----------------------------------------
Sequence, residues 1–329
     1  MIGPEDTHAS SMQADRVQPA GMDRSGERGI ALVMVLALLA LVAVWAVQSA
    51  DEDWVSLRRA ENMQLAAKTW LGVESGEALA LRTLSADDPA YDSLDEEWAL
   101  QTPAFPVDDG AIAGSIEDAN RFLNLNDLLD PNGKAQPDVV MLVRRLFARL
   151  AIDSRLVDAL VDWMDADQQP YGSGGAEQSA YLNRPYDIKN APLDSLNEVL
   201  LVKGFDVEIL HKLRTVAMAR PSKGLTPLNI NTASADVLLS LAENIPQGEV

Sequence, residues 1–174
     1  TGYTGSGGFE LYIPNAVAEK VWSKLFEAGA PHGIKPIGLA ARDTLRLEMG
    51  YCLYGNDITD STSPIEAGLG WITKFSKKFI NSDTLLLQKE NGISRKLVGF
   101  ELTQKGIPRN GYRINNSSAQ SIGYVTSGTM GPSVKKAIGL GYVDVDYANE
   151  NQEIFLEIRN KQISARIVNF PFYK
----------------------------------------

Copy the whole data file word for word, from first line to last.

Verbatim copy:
Sequence, residues 1–329
     1  MIGPEDTHAS SMQADRVQPA GMDRSGERGI ALVMVLALLA LVAVWAVQSA
    51  DEDWVSLRRA ENMQLAAKTW LGVESGEALA LRTLSADDPA YDSLDEEWAL
   101  QTPAFPVDDG AIAGSIEDAN RFLNLNDLLD PNGKAQPDVV MLVRRLFARL
   151  AIDSRLVDAL VDWMDADQQP YGSGGAEQSA YLNRPYDIKN APLDSLNEVL
   201  LVKGFDVEIL HKLRTVAMAR PSKGLTPLNI NTASADVLLS LAENIPQGEV

Sequence, residues 1–174
     1  TGYTGSGGFE LYIPNAVAEK VWSKLFEAGA PHGIKPIGLA ARDTLRLEMG
    51  YCLYGNDITD STSPIEAGLG WITKFSKKFI NSDTLLLQKE NGISRKLVGF
   101  ELTQKGIPRN GYRINNSSAQ SIGYVTSGTM GPSVKKAIGL GYVDVDYANE
   151  NQEIFLEIRN KQISARIVNF PFYK